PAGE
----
It’s funny, creating a photobook is always a much harder, longer process than scrapbooking. Or so it felt, because instead of being able to sit in front of the TV with everything laid out in front of me and take my time, I would have to sit for hours and hours on the PC and try not to get distracted.
Luckily, I’ve finally fine-tuned the way I approach online album making and I thought it would be a good idea to share it using my Barcelona trip as a working example:
Step 1: Get all your pics into one folder
To start, I created a folder on my desktop titled ‘Barcelona’ ready for all the photos from the trip to be stored in. (I’m not being patronising trust me you’ll see the point in this basic breakdown soon). I placed all the photos from the camera memory card and I also uploaded, through Google+ on my android, all the photos I had taken on my mobile.
Step 2: Make a complete copy & place into an ‘Edits’ folder
Next, I make a complete copy of them all and place them in a separate Desktop folder which I name ‘Barcelona Edits.’ This folder will be the one that I actually work from, that way, my original files remain untouched and safely stored away. I’ve learnt from bitter experience there is nothing worse than working with images and somehow deleting or hashing up an original photo which you later need and can’t get back.
Step 3: click through and delete unnecessary images
Now, in this instance, our four day trip to Barcelona has resulted in a collection of over 1000 photographs. Needless to say not all of these are going to be used in the photo book!
So in my ‘Edit folder’ I open it up and one by one start narrowing down the images I want to include. I’ll do my first flick through quickly, delete all the photos that are duplicates, blurry (unless it’s intentional) or unflattering (unless its unflattering but funny).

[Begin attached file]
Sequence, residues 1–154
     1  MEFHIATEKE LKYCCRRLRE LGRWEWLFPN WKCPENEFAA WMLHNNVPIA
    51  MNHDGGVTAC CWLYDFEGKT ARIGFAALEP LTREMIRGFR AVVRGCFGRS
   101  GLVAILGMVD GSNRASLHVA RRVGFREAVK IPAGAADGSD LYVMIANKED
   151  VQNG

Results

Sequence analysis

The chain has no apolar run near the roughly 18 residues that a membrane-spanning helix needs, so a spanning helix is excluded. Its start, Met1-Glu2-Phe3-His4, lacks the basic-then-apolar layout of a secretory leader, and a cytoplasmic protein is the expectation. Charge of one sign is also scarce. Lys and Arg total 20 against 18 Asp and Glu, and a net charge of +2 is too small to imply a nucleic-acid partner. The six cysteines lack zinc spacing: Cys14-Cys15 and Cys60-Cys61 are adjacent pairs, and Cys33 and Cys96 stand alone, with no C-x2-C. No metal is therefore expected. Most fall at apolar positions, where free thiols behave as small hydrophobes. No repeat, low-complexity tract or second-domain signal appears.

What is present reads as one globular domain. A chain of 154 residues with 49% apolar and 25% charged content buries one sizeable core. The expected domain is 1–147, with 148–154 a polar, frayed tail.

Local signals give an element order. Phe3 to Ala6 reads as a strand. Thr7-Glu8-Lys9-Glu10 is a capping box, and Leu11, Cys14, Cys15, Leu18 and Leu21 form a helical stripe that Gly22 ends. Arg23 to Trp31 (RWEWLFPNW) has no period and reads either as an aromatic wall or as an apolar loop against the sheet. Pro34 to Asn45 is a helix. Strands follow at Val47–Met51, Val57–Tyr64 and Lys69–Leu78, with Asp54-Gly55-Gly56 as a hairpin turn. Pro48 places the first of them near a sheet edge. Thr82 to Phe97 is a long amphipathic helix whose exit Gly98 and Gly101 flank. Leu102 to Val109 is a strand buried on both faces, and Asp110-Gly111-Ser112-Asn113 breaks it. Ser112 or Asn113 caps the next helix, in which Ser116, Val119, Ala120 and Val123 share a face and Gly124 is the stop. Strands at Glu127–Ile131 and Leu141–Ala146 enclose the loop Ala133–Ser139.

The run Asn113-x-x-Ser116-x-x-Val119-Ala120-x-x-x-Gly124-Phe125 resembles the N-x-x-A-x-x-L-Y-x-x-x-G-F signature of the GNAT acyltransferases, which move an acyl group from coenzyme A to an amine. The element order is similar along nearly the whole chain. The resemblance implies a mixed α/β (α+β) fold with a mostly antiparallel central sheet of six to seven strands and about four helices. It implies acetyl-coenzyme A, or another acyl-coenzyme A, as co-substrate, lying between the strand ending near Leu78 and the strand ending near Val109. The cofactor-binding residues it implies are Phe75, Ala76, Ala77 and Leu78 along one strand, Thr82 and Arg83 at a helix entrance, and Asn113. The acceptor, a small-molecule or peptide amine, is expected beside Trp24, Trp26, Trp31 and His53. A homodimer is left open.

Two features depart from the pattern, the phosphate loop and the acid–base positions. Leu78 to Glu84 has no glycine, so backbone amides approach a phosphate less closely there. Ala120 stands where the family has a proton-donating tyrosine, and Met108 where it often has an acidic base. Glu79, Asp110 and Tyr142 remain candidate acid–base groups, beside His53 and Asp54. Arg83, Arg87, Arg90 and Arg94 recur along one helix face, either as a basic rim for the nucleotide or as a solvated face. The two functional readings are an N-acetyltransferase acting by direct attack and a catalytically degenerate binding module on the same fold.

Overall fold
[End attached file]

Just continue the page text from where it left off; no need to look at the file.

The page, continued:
By doing this I have already managed to reduce the number of photos from 1036 to 422, this will save a significant amount of time when trying to arrange it all.
Step 4: Edit any images that need adjusting
Before I actually upload them, I create another folder on my desktop, Barcelona Photoshop. I Open my edits folder and it’s time to have a more detailed look through the photos that are left, there are always a few which need cropping and enhancing so when I find them I drag them straight into my Photoshop folder ready to work on. This is also a good time to get rid of any duplicates that may have been left in by accident.
Still not quite ready to get cracking, I open up Photoshop and bring up all the photos from my ‘edit’ folder. When I’m making albums I much prefer to leave pictures in their original state, rather than playing around and enhancing the colours, adding filters, I like to have my photos in their natural form or a simple black and white. That’s my personal choice anyway. For me, editing usually means merely cropping, so that the photos are concentrated on the most interesting parts. If you don’t have photoshop there are a number of other programs that can be used such as iPhoto, publisher, paint etc.
Step 5: Upload!